Ed Catmull is the President of Pixar and Disney Animation. About leadership Ed Catmull writes:
"I believe that managers must loosen the controls, not tighten them. They must accept risk; they must trust the people they work with and strive to clear the path for them; and always, they must pay attention to and engage with anything that creates fear."
"My job as a manager is to create a fertile environment, keep it healthy, and watch for the things that undermine it."
Via Chris Erdman (Excerpted from Creativity, Inc.: Overcoming the Unseen Forces That Stand in the Way of True Inspiration (pub. 2014)
Forbes review of the book here.
Another On Being conversation for you to listen to. This time it’s one from 2014, and features Nathan Schneider (b. 1984) reflecting on “the wisdom of millennials”. What really struck me was Tippett’s wondering about whether it might be those who have, what my good friend Alan Jamieson calls, “a churchless faith” might prove to be a significant force that will renew religion. I’ve often wondered that. Will there come a time when the institution starts to take seriously the experiences, resources, and wisdom of those who have continued to grow and explore and learnt to resource themselves beyond the walls and forms of traditional (and oftentimes slowly dying) church belonging. Or, maybe the “force for renewal” will create and shape well beyond the institutional church.
Here’s the excerpts I found evocative:
Ms. Tippett: I’m Krista Tippett, and this is On Being. Today with writer and millennial generation public intellectual, Nathan Schneider. We spoke in a live event in the outdoor Hall of Philosophy at the Chautauqua Institution.
Ms. Tippett: So, sometimes I think about Bonhoeffer’s phrase, religionless Christianity, which he didn’t really live to develop. You know, he wrote in his letters and papers from prison where he died — the Nazi prison where he died. But, he, in his era, and a very different set of circumstances, but in his circumstances, where the church was completely co-opted by an — a corrupt state, he came to believe that the essential truths and the essential impulses of Christianity would survive even in the absence of religion.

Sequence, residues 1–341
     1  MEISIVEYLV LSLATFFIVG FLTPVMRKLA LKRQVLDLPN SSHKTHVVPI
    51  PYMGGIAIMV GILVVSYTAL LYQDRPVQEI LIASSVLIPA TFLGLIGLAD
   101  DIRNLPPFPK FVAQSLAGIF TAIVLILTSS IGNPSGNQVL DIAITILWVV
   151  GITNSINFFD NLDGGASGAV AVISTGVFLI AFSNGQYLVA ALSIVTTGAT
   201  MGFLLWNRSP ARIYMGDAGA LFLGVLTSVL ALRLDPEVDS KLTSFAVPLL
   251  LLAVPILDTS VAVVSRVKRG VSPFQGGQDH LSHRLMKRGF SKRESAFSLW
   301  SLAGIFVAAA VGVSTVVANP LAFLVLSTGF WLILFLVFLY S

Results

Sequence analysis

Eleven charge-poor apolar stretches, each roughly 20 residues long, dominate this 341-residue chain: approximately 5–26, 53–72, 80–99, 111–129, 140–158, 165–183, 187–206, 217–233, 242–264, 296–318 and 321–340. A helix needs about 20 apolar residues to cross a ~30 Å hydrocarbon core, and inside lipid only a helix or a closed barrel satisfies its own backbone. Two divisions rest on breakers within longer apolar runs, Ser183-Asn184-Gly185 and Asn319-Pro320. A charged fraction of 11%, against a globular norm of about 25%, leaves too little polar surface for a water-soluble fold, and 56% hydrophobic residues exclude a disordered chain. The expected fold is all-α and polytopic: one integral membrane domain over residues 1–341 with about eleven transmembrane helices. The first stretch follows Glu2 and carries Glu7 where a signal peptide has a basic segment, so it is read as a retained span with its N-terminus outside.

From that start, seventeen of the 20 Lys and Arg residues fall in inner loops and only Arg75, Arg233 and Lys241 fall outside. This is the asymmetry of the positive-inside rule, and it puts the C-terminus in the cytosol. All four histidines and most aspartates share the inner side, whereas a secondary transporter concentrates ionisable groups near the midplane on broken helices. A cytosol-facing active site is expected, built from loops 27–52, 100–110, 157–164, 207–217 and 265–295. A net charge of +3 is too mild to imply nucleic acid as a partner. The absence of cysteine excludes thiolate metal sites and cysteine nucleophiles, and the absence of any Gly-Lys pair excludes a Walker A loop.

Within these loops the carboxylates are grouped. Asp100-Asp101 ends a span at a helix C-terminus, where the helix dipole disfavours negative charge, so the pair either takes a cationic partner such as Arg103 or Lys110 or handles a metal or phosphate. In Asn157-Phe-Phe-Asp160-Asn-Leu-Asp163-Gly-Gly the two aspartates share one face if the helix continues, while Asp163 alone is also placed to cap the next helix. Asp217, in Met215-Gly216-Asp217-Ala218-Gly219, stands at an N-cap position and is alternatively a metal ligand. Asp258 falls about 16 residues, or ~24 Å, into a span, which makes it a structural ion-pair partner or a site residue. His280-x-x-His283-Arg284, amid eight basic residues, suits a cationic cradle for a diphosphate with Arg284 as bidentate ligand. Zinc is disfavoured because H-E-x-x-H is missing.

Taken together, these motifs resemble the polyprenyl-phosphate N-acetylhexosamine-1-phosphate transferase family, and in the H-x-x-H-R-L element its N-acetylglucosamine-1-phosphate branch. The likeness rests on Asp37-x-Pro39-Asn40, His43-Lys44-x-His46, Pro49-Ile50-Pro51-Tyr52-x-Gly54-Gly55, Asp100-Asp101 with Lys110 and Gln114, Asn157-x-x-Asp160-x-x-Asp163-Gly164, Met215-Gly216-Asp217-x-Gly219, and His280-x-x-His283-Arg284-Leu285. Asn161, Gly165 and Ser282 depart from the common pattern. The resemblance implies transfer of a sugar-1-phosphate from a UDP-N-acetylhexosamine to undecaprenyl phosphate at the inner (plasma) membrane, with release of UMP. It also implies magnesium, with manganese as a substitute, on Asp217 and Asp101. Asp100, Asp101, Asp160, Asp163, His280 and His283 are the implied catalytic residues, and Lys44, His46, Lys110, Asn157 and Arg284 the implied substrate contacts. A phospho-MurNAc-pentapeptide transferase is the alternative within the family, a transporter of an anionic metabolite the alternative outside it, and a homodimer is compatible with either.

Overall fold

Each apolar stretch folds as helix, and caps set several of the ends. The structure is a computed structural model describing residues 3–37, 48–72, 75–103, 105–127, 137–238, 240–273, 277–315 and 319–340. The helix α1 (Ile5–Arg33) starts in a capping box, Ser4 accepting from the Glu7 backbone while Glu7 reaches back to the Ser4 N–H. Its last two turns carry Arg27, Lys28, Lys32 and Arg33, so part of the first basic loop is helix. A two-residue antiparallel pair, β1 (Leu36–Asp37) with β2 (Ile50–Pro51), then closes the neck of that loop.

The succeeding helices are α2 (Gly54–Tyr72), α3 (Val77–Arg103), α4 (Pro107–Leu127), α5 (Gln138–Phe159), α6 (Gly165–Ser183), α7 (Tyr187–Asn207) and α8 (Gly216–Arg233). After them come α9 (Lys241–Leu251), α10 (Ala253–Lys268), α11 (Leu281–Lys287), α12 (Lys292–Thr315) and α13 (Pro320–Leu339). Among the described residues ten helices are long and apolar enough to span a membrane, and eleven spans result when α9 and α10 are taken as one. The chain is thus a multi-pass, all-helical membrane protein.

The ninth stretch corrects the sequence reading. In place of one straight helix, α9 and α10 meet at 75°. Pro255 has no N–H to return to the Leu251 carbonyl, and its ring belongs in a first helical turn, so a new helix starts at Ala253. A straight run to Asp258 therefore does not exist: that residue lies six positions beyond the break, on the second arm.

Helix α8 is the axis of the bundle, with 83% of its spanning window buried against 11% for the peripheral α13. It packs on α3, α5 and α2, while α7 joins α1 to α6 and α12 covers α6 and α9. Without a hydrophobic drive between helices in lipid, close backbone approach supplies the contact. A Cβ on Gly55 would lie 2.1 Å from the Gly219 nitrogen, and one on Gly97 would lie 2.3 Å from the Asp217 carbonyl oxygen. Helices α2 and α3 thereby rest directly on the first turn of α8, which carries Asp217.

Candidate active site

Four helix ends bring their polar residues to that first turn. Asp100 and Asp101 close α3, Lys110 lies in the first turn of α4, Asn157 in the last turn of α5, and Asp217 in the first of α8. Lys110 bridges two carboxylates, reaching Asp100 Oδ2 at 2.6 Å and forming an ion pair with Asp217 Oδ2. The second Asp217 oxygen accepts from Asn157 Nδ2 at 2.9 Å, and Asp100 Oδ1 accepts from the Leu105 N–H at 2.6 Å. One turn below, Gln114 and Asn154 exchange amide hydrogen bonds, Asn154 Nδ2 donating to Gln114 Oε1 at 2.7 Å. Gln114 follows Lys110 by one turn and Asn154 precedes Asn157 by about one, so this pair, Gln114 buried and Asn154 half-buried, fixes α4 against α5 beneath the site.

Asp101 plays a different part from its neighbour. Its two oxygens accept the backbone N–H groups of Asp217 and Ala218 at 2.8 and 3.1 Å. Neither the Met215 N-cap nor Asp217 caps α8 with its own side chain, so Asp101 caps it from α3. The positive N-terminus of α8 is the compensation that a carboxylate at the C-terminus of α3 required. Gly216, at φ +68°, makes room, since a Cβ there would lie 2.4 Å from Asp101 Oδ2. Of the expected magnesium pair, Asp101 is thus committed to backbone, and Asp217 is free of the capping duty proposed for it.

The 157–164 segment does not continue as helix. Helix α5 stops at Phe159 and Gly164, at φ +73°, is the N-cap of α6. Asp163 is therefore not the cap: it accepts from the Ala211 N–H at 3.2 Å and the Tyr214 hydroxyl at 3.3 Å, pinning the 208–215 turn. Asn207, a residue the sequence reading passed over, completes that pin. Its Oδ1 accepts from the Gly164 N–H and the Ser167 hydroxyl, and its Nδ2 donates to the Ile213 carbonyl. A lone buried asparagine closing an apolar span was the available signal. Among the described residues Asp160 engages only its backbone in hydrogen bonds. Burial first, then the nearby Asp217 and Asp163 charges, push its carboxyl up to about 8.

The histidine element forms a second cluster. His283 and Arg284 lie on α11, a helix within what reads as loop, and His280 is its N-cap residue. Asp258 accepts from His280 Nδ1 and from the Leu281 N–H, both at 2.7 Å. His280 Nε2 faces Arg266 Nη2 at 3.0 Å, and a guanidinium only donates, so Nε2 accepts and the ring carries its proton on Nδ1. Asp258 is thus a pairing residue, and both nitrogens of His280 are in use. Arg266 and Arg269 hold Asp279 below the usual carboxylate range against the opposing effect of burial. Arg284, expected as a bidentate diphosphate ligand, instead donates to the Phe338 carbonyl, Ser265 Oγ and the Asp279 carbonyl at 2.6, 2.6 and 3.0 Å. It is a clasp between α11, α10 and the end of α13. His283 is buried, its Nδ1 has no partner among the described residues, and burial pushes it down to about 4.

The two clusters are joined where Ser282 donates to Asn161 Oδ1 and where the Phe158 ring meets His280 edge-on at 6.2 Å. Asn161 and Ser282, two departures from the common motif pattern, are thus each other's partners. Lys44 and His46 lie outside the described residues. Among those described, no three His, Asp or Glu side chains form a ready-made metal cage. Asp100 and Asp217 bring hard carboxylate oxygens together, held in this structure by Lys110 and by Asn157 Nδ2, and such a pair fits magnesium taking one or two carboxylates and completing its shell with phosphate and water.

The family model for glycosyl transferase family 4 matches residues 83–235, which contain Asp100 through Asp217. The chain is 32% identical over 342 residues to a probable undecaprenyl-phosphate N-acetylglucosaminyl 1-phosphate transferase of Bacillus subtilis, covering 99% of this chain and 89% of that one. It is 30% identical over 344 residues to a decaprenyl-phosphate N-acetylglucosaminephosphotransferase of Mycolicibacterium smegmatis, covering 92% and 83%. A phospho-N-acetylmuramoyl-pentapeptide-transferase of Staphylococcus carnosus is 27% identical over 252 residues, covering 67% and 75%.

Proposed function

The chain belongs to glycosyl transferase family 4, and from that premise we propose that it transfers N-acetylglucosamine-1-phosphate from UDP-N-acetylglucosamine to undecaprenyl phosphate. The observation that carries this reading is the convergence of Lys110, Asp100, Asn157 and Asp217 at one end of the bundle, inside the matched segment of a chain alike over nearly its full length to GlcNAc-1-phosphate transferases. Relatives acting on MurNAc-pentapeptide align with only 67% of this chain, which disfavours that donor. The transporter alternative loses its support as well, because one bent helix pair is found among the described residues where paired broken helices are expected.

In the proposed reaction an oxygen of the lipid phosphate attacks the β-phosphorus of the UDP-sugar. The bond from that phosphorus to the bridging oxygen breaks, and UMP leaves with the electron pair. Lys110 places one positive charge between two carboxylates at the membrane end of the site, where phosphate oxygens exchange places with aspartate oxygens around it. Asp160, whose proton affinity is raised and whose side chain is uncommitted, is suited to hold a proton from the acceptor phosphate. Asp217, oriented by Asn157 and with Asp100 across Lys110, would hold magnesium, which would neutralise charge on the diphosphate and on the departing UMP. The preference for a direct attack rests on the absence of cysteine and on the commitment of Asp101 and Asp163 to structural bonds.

And, sometimes, I feel like you know, what you’re describing is, uh, you know, whether you agree with the politics of Occupy or not, that passion for social justice, which has been carried across time in a lot of our religious institutions, alive and vibrant and actually, uh, making a practical difference in the lives of these young people who define themselves outside the walls of these institutions.
Ms. Tippett: It’s not an ending point. Right. And — so what this makes me wonder is if the “None’s” [a term for those who say they have “no religion” in polls and census’] , and again, I just find language so awful in so many ways, are actually, you know, like monastics in the early centuries of Christianity, these forces for spiritual renewal that actually collected outside the institutions. If the “None’s”, in fact, the new non-religious, um, may be the forces that will renew religion in this century, if it is to be renewed.
Mr. Schneider: You know, that’s a really — I think an important connection to draw. You know, the monastic movement formed in Christianity, at least, right about the moment when Christianity became the religion of empire. You know, it formed in response to the institutionalization of the faith of this recognition that there has to be something else, there’s another part here that we’re missing when we’re just doing the institution. Institutions will always fail us. And the institution they felt was failing them. And I think that’s something that every generation has to confront in new ways…”
I’ve long had a very high regard for the thinking and writing of Sarah Coakley, in particular her more accessible essays and reflections, for example (Prayer as Divine Propulsion, parts 1 and 2.) I have the majority of her books too, but at the stage of life I’m in its always a challenge making the needful time, when not tired, to read them in a focused, thoughtful, and indeed prayerful way.
“Each chapter of The New Asceticism concentrates on a contentious issue in contemporary theology - the role of women in the churches, homosexuality and the priesthood, celibacy and the future of Christian asceticism - in an original thesis about the nature of desire which may start to heal many contemporary wounds. Professor Coakley is as familiar with the Bible and the Early Fathers as she is with the writings of Freud and Jung, and she draws heavily on Gregory of Nyssa's theology of desire in what she proposes. She points the way through the false modern alternatives of repression and libertinism, agape and eros, recovering a way in which desire can be freed from associations with promiscuity and disorder, and forging a new ascetical vision founded in the disciplines of prayer and attention.”
Table Of Contents
Pleasure Principles: A theology of desire
The Woman at the Altar